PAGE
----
Planning for the future

Global experts share the big ideas that transformed their cities

At our CityTalks event, we asked national and international figures to share the bold ideas that have transformed their cities.

Jay Wetherill

Global urbanisation is increasing with over half the world’s population living in towns and cities. And with over 75% of Australians living in cities, our nation is one of the most urbanised in the world.

So how can we transform our cities for the better to ensure they’re sustainable, prosperous and vibrant?

As Sydney creates a new vision for 2050, we asked national and international figures to share the bold ideas that have transformed their cities.

Here’s what they told us when they took to the stage at our CityTalks event.

‘Citizens should be the centre of administration and policy’

When Mayor Park Won Soon was elected, he famously declared citizens were the real mayor of Seoul.

Delivering his keynote speech with 3D technology from Seoul, Mayor Park shared how a continued focus on citizen participation has led to many successful initiatives.

“Through collaboration, governance and innovation, the citizens have become the real driving force behind city administration and policies,” Mayor Park said.

For Mayor Park, battling the trend for rapid growth in favour of people-centred projects has been key to the city’s regeneration.

Speaking about Seoullo 7017, a project that transformed a derelict 1970s overpass into a kilometre-long skygarden, Mayor Park said they “chose to preserve the depth of history instead of focusing on the height of skyscrapers”.

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‘Never let a good crisis go to waste’

The South Australia blackout of 2016 triggered widespread public debate about renewable energy. Critics blamed the power outage on the state’s “reckless” use of renewables.

However, former premier of South Australia Jay Weatherill said his government “refused to back down” on its pursuit of renewables. Instead, it used the opportunity to engage people in their renewable energy policies.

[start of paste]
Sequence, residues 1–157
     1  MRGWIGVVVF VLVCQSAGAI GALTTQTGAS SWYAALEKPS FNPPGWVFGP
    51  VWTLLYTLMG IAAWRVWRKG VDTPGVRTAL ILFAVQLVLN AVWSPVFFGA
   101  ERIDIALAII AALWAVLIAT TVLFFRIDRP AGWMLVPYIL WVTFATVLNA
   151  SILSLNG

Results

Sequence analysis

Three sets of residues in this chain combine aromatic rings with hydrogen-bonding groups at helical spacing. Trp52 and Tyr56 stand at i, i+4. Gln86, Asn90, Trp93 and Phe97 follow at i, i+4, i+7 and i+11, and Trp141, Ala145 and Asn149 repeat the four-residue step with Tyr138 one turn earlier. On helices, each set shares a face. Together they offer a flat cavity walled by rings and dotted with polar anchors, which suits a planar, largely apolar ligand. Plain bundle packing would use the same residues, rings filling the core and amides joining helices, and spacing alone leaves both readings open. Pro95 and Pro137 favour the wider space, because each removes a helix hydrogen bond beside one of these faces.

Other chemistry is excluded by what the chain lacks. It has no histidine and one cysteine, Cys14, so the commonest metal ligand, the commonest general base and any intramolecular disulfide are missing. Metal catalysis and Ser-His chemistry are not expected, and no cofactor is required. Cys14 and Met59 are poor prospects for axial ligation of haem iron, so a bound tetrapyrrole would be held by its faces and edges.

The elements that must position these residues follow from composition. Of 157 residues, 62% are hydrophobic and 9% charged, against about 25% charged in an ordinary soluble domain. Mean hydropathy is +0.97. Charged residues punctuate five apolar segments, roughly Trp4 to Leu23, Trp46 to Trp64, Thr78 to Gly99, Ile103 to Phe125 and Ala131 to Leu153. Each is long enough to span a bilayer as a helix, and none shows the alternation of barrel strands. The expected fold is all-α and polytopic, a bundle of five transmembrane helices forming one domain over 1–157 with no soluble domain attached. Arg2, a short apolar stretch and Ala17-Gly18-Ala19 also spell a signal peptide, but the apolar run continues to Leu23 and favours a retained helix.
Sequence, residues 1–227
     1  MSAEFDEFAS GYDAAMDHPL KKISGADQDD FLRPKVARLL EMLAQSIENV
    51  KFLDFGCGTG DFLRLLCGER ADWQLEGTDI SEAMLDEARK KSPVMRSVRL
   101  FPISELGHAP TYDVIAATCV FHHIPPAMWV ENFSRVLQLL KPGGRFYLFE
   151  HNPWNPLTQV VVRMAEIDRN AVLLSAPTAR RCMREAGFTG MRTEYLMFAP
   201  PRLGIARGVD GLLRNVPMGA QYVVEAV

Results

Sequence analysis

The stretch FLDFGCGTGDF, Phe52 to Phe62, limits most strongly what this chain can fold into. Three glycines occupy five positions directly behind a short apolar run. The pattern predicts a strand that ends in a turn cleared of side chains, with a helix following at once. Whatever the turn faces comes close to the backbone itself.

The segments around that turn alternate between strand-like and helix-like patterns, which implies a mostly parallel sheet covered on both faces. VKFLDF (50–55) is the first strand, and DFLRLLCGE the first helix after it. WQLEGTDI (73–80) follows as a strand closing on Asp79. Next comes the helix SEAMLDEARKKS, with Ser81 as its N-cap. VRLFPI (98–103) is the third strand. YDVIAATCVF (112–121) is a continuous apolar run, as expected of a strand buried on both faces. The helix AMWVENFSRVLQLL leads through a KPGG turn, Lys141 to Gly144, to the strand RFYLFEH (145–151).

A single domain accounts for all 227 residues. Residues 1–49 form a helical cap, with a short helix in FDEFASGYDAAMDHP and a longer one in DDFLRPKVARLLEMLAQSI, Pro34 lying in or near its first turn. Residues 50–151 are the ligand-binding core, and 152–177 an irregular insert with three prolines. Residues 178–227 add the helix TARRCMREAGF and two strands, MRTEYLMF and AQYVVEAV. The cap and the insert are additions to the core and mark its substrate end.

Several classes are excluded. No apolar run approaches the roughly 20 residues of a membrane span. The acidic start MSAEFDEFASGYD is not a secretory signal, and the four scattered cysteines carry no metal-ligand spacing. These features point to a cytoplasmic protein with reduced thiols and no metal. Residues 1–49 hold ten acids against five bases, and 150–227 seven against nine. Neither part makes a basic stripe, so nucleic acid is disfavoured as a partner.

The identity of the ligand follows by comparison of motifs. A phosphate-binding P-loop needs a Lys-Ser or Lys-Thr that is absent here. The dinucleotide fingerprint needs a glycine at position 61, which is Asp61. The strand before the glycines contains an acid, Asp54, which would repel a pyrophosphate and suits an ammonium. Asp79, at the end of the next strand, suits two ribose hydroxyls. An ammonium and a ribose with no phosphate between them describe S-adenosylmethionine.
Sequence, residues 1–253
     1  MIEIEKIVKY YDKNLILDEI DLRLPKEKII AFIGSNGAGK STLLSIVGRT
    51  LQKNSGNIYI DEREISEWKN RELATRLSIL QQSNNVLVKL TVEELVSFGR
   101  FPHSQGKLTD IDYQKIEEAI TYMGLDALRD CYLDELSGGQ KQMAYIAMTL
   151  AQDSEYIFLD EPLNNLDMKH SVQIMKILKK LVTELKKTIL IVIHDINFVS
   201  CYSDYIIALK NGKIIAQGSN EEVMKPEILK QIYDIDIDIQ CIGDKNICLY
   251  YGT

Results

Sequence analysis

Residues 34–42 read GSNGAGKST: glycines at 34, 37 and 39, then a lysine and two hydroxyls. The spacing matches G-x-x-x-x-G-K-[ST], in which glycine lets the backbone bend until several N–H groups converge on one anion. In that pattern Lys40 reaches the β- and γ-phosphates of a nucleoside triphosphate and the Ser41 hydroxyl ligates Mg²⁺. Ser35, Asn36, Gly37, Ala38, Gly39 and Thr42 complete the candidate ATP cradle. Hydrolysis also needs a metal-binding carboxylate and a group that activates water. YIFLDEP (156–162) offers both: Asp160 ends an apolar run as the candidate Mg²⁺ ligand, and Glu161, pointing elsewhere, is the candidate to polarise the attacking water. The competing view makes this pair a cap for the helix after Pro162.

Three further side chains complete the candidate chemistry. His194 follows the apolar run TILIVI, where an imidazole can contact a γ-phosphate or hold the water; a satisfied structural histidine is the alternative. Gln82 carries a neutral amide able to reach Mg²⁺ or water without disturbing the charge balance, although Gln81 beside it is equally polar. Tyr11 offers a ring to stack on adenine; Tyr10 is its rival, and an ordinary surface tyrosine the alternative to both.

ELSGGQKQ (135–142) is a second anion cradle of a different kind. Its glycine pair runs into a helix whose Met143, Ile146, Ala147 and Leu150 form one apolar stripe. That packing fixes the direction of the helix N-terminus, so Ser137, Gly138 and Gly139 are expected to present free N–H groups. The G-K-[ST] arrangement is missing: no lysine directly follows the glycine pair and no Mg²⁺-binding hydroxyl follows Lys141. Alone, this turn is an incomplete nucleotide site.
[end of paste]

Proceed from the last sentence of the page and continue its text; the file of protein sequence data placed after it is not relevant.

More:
“When you’re in the middle of a red hot crisis, it gives you the opportunity to focus people’s attention,” he said.

Jay’s government attempted to turn the public debate by developing a clear, simple vision that people could get behind.

“This almost crowd-sourcing of the policy solutions and the technological answers was a critical part of our process,” he said.

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‘What if we allocate space in a different way?’

As partner and managing director of Gehl Copenhagen, Henriette Vamberg leads Gehl’s work on city transformations.

In 2009, she was involved in the Times Square project that closed a section of Broadway to cars, converting it into a space for people who walk and cycle.

Henriette said they saw the area change as people started to enjoy the city in different ways. “Like Star Trek, people came from everywhere,” she said.

After closing Broadway, traffic accidents decreased, quality of life improved and there was even a positive impact on property value in the area.

This new layout was trialled for 6 months.

“There was an overwhelming vote in favour of keeping the changes of 75%,” Henriette said.

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‘Trust, good governance and relationships’

The City of Sydney’s Sustainable Sydney 2030 plan came to life after we asked our communities what kind of city they wanted.

One of the strongest responses was for greater recognition of Aboriginal and Torres Strait Islander peoples. This led to the development of the Eora Journey.

“In order to become a great nation, we need to tell the story of our First Peoples,” David Beaumont said, senior community engagement coordinator.

The Eora Journey’s achievements so far have been supported by “trust, good governance and relationships”.

“Mythology, ideology, wisdom, systems and values are the sacred geometry that underpins our living cultures,” David said.

“When we respect these, everything we do will have great meaning.”

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Our CityTalks series inspires, educates and engages the people of Sydney about global, national and local city issues.

Watch all of the speeches from this event or hear from other speakers who are passionate about enhancing life in our cities.

Published 4 June 2019